Morel stands to gain plenty from Ventura

CHICAGO -- Much will be learned about Robin Ventura’s managerial style in the upcoming year, but the area he might be able to make an instant impact seems fairly clear.

Ventura’s initial pet project might to be to assist in the development of White Sox third baseman Brent Morel. Ventura was a six-time Gold Glove winner and a two-time All-Star.

“I expect to learn as much as I can,” Morel said about his new manager. “I will take what he gives me in small doses and hopefully transfer it into something big.”

The two have plenty in common other than being third basemen for the White Sox. Both have ties to California’s central coast area and have come in contact with each other even before Morel was a member of the White Sox organization.

Morel said that when he played baseball at Cal Poly San Luis Obispo, Ventura met with the team on more than one occasion. Ventura lives in nearby Santa Maria.

“I grew up watching him, but I didn’t play third base then or see many Chicago games in California,” Morel said. “But playing in Chicago you learn so much about the history of the White Sox and know what kind of player he was, what kind of hitter he was, a Gold Glove winner, and hopefully that can transfer over.”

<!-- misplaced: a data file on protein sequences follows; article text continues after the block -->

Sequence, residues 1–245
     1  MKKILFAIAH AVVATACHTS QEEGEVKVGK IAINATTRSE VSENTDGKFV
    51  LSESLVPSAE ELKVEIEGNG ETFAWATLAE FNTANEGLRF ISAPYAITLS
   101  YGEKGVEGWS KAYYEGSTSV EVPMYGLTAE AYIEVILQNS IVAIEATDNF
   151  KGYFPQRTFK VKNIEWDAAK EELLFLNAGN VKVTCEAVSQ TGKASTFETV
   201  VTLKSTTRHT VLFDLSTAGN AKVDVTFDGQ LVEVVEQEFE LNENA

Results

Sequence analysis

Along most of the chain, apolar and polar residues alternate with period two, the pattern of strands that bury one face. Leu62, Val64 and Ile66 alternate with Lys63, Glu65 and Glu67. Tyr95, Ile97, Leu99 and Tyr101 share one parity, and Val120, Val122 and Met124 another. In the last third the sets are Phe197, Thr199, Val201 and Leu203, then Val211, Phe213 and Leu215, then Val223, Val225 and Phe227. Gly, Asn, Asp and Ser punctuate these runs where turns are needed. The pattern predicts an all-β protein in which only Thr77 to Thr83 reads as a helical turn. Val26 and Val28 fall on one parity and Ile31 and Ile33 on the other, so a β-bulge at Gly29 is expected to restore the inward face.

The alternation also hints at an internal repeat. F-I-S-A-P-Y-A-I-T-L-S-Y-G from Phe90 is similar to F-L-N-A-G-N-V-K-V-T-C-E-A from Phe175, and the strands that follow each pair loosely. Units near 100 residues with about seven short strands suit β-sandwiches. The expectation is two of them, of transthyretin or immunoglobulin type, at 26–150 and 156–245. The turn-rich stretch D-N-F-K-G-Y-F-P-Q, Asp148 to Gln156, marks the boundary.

When dealing with Morel, Ventura can tap into his experience from last year when he offered instruction to White Sox minor-league players as a special assistant to White Sox director of player development Buddy Bell.

As far as what he can tap into as manager, he played under some of the big names in the game like Jeff Torborg, Bobby Valentine, Joe Torre and Jim Tracy, to name a few.

“I ran the gamut of different styles, from smart baseball men and seeing different ways to communicate just to get guys to play,” Ventura said.

But most of all, Ventura aims to create an environment where players find it second nature to come to the ballpark every day and leave it all on the field. That approach works for Morel.

“Not speaking for anybody else, I was excited when I heard his name,” Morel said. “Knowing his personality and background, it will make for a smooth transition.”